Virtual Museum ID: 19-QM03
Kyanite is a blue aluminosilicate mineral that forms distinctive elongate crystals. It found in metamorphic rocks, pegmatite intrusions, quartz veins, and rarely in sedimentary rocks. It forms under high pressure metamorphic conditions. In fact, geologists use it as an indicator of the metamorphic conditions that affected a rock, since it only forms under particular pressure and temperature conditions. Kyanite has the unusual property of anisotropic hardness. That means that its hardness is different in one orientation to another; its hardness along its long axis is different to its hardness across it. Kyanite is used mainly in ceramics and electronics.
The information listed below relates to the current holding location or collection that the sample is from, and whether the item is viewable at that location or is part of a private collection. Coordinates are given as guides, and we remind you that collecting specimens from these locations is not allowed. Caution is advised visiting such sites and Below BC assumes no responsibility for any injuries or trespassing charges that may occur as a result of the viewer entering these sites.
Original Collection:Quesnel & District Museum (QM)
Virtual Museum ID:19-QM03
Date Added to VM:2019-08-24
Sample Origin:Canoe River, B.C.
Specific Site:Valemount Area
Datum:11 (NAD 83)
Primary Mineral Formula:Al₂SiO₅
Advanced Geological Information
The following section provides geological data relating to the specimen or the site it was collected from, when available. Information has been obtained from various sources including private and government datasets but may not be up to date. Any geological time periods or ages listed often relate to the primary geology of the area, and may not be the actual date of an event such as mineral formation.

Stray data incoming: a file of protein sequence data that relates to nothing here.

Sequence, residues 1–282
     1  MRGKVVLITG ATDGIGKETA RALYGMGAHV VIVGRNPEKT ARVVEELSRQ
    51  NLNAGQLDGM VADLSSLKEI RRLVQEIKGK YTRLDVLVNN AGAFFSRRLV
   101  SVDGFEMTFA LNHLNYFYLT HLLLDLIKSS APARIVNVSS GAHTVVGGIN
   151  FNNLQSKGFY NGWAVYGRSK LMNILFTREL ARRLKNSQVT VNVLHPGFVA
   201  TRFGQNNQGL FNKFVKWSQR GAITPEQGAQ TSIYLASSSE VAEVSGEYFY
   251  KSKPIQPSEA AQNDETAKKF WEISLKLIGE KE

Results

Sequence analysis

Geological Formation:Hadrynian Lower Kaza Group
Stratigraphic Age:1433 Million Years Ago
Geological Terrane:Kootenay, Ancestral North America
Minfile ID:083D 012
The Canoe North Mica property is situated on the north side of the Canoe River about 5 kilometres southwest of Cedarside.
The showing is underlain by folded Hadrynian Lower Kaza Group kyanite-staurolite-garnet-biotite and/or muscovite-quartz-feldspar pelitic schist. Other lithologies of the lower Kaza Group include psammite, amphibolite, marble, calc-silicate, conglomerate, coarse grained grit and diamictite. The foliation of layers within the showing strike 240 degrees and dip 10 degrees northwest. A more detailed description of the regional structure and metamorphism is given in the Canoe South Mica (083D 017) and Albreda (083D 018) occurrences.
In the quarry, schist consists predominantly of muscovite and quartz with lesser garnet, biotite and feldspar, in layers striking 240 degrees and dipping 10 degrees to the northwest. A sample from the main quarry was sent to the Department of Mines, Ottawa where garnet, rutile and ilmenite were identified by x-ray diffraction. The main quarry is about 61 metres in diameter and 3.0 to 4.5 metres deep.
In 1961, a drill program, consisting of 18 short holes covering an area of 152 square metres, indicated approximately 200,000 tonnes of reserves grading 85 to 90 per cent mica to depth of 3.65 metres (Northern Miner March 15, 1962). Some holes were drilled to a depth of 12 metres without reaching the lower limit of the mica-rich layer. A processing plant was built in Cedarside in 1960 and 100 tonnes of mica product was produced for market by Georgia Mineral Industries Ltd. (Minister of Mines Annual Report 1960). During 1961, a further 125 tonnes of mica were produced (Minister of Mines Annual Report 1961). In 1962 remodelling of the plant was completed and testing begun. Several shipments of mica were made to dry-wall joint cement consumers (Minister of Mines Annual Report 1962).
Mits Development Company Ltd. drilled a 91.5 metre hole on the Canoe 1 claim in 1978. In 1979, a further 16 holes were drilled totalling 641.3 metres. Forty five samples were submitted for froth flotation for mica recovery. Results ranged from 51.6 to 68.5 per cent muscovite (Assessment Report 7687).
Outland Resources Corp. outlined 2,290,000 tonnes of reserves after acquiring the property in 1980. The grade was 60.5 per cent muscovite. Another 1,000,000 tonnes of reserves was fairly assured (Canadian Mining Journal, May 1982).
Property work in 1986 and 1987 included a pre-feasibility study. Conclusions of the study were that present markets were inadequate to justify production at that time.